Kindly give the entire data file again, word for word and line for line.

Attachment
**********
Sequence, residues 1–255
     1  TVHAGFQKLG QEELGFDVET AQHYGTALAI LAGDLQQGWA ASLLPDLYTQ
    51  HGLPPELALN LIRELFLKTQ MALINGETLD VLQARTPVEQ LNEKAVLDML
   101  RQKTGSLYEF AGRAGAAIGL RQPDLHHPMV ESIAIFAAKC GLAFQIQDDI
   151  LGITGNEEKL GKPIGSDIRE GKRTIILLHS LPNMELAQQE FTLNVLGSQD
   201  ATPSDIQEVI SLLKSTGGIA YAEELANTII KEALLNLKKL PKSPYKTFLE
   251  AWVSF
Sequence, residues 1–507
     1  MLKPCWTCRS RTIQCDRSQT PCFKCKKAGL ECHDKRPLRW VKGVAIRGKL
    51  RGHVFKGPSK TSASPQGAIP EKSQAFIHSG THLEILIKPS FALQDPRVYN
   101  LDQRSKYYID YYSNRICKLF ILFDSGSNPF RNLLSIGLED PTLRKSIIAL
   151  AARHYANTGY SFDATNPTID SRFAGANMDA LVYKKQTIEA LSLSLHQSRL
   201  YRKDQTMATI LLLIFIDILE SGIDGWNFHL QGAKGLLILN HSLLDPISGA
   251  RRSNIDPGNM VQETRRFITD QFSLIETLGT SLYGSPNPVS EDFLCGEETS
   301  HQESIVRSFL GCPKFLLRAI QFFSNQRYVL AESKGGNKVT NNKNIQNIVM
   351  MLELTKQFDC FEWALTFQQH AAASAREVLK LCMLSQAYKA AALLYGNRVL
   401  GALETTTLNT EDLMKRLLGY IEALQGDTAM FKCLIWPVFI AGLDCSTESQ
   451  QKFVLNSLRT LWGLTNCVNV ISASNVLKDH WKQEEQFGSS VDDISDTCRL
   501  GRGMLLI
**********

Sequence, residues 1–255
     1  TVHAGFQKLG QEELGFDVET AQHYGTALAI LAGDLQQGWA ASLLPDLYTQ
    51  HGLPPELALN LIRELFLKTQ MALINGETLD VLQARTPVEQ LNEKAVLDML
   101  RQKTGSLYEF AGRAGAAIGL RQPDLHHPMV ESIAIFAAKC GLAFQIQDDI
   151  LGITGNEEKL GKPIGSDIRE GKRTIILLHS LPNMELAQQE FTLNVLGSQD
   201  ATPSDIQEVI SLLKSTGGIA YAEELANTII KEALLNLKKL PKSPYKTFLE
   251  AWVSF
Sequence, residues 1–507
     1  MLKPCWTCRS RTIQCDRSQT PCFKCKKAGL ECHDKRPLRW VKGVAIRGKL
    51  RGHVFKGPSK TSASPQGAIP EKSQAFIHSG THLEILIKPS FALQDPRVYN
   101  LDQRSKYYID YYSNRICKLF ILFDSGSNPF RNLLSIGLED PTLRKSIIAL
   151  AARHYANTGY SFDATNPTID SRFAGANMDA LVYKKQTIEA LSLSLHQSRL
   201  YRKDQTMATI LLLIFIDILE SGIDGWNFHL QGAKGLLILN HSLLDPISGA
   251  RRSNIDPGNM VQETRRFITD QFSLIETLGT SLYGSPNPVS EDFLCGEETS
   301  HQESIVRSFL GCPKFLLRAI QFFSNQRYVL AESKGGNKVT NNKNIQNIVM
   351  MLELTKQFDC FEWALTFQQH AAASAREVLK LCMLSQAYKA AALLYGNRVL
   401  GALETTTLNT EDLMKRLLGY IEALQGDTAM FKCLIWPVFI AGLDCSTESQ
   451  QKFVLNSLRT LWGLTNCVNV ISASNVLKDH WKQEEQFGSS VDDISDTCRL
   501  GRGMLLI